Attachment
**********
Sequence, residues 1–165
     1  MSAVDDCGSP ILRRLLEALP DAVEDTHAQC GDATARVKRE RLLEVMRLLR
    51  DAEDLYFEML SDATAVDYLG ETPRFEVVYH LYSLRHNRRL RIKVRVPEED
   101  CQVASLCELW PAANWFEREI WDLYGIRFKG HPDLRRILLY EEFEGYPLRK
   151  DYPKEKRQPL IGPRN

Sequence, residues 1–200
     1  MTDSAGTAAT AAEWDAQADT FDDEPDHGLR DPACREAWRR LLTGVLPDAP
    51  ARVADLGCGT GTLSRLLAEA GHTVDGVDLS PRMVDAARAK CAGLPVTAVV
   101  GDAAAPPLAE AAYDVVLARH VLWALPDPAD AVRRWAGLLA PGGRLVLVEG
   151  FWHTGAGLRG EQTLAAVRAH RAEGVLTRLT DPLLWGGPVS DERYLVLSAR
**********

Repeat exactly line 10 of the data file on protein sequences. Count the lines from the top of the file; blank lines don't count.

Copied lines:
   151  FWHTGAGLRG EQTLAAVRAH RAEGVLTRLT DPLLWGGPVS DERYLVLSAR